• Dataclysm – Christian Rudder. The OkCupid stats blog guy gets a whole book to play with, and spends his time merrily discovering counter-intuitive results in massive data sets. In the first few pages he kills the idea that men’s attitudes towards female attractiveness are being altered by routine photoshopping, for example. Never really stops after that. Ends too early.
  • I also worked through a dozen or so Harry Bosch books. LA homicide detective who can’t be beaten for getting stuff done.

Last year’s resolutions

  • Dance more, dance better. Kinda managed this, though I could still practice much more.
  • Less work, more holidays. Lulz. No.
  • Do more stuff. Didn’t really manage this either.
  • Budget. This I did! It actually worked! Separate blog post coming up, now it’s been 12 months.

2015 resolutions

  • 1-3 of last year still need doing
  • Do…something. I’m restless at the moment. Work is a bit same old, and I’m not progressing. Need to fix.

Why you don’t like photos of yourself

Me: Hello! I thought you might like this photo of you.
Them: Oh god it’s so awful.

I understand this, I really do. I used to be the same. But now it makes me sad.

If I’ve sent you a picture of yourself, it’s because I think you look good. And I’m probably a better judge than you. Not because I’m a photographer, but because I see you like everyone else sees you: I see the non-mirror-reversed version of you. And unless you’re a model or a visual performer, you probably don’t see this version very often. And it looks weird. And I can see why your gut reaction is negative, as it seems to look worse. But it’s not worse: it’s the you everyone else knows and loves. You’re just not used to seeing yourself that way.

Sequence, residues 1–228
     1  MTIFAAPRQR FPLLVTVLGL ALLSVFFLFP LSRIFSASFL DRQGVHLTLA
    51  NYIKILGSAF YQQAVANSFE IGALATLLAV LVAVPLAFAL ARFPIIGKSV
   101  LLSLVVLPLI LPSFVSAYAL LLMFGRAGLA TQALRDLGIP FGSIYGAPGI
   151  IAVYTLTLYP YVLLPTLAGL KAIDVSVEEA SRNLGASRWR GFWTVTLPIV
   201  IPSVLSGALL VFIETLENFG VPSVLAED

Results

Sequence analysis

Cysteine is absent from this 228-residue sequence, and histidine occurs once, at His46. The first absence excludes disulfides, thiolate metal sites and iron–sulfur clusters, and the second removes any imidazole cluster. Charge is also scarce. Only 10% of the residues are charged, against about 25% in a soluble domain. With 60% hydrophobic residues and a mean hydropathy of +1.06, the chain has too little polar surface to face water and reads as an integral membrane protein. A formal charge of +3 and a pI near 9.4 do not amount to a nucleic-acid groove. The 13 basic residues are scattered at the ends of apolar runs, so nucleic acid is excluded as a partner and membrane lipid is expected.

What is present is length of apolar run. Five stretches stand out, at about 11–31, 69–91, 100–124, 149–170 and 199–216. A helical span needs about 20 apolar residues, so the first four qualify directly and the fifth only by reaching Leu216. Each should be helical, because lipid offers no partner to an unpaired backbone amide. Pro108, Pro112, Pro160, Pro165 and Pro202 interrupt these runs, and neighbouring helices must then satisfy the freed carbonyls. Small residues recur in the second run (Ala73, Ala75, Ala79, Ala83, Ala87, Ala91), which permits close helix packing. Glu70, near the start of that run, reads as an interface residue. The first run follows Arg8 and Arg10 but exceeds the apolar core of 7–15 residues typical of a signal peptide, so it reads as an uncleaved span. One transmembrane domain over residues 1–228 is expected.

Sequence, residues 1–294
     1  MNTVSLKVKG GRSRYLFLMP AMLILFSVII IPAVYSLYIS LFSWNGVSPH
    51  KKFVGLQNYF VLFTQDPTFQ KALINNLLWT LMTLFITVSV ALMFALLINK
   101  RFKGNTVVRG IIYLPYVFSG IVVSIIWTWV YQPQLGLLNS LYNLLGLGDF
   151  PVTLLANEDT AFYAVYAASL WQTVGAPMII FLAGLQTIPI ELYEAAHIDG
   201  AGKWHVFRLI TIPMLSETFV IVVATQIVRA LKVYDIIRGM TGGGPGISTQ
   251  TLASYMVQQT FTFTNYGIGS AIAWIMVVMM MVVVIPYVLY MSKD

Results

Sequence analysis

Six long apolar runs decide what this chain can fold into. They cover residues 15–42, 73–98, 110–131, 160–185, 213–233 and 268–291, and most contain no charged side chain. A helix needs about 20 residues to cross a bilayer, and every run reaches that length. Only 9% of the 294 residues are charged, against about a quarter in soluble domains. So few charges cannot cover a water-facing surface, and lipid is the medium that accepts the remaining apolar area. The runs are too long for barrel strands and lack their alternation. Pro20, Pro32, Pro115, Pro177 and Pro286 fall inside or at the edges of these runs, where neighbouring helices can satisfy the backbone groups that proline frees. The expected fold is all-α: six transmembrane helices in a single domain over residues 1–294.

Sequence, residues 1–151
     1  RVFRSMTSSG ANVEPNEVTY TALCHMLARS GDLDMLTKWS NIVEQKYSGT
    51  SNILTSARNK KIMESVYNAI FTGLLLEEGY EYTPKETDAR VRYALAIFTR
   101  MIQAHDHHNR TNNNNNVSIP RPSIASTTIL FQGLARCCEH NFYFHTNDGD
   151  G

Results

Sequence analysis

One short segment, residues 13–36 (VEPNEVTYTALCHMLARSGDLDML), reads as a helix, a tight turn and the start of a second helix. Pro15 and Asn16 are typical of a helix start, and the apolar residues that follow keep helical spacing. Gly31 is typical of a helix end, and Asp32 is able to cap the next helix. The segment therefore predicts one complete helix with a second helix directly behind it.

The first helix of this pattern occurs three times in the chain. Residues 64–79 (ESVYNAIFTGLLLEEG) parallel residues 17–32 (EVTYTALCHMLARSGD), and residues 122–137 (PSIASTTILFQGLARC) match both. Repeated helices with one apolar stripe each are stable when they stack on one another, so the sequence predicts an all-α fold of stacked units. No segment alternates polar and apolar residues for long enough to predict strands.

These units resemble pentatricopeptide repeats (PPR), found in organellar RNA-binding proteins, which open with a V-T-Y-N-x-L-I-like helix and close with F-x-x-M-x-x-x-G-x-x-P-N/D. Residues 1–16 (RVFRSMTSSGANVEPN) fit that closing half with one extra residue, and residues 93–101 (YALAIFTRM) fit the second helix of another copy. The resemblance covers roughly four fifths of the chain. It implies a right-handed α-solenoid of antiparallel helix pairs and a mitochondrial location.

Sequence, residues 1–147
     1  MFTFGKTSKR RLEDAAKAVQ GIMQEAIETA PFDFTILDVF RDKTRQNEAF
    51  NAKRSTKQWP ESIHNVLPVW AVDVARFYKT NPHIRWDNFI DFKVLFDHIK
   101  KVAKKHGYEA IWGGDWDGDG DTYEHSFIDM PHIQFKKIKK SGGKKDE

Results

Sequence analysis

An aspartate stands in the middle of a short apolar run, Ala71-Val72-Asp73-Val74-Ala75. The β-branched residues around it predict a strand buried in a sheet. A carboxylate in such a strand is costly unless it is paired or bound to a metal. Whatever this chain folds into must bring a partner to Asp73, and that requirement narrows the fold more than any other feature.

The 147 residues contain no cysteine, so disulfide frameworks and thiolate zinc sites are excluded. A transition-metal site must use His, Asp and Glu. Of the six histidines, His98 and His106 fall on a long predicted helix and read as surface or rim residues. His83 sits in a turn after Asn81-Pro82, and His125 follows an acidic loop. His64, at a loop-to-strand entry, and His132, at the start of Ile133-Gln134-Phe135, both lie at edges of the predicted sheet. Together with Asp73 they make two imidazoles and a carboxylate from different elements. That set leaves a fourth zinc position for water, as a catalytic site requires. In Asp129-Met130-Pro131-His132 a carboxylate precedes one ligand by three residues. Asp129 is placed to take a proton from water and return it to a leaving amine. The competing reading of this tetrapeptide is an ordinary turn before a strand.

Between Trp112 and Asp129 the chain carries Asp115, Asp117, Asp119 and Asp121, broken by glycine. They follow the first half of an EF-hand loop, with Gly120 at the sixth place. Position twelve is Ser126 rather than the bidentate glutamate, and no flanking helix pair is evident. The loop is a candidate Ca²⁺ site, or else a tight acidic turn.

Smartphones know this. Ever notice how your front-facing camera previews your selfie as a mirror-image, but saves it as a non-mirror-image? They don’t have to do that. They could save the mirror image, and you’d probably like that more. But other people would like it less – it doesn’t look so much like you – and the point of a selfie is to look good, right?

If someone else thinks you look good in a photo, you probably do. So maybe try to think of the photographer before instantly firing back how much you hate it. While it’s not nice to be told your work sucks, it’s also sad to think you’ve made someone’s day worse. Especially when you know they actually look good.


I was feeling pretty run down. Had been for months – maybe a year – and I figured it was lack of sleep. This was new: I often sleep badly, but I’d never had problems with tiredness. But, you know, age. So I bought Night School, and worked through its recommendations. I put up blackout curtains. I cut out blue light. I timed my sleep to circadian rhythms.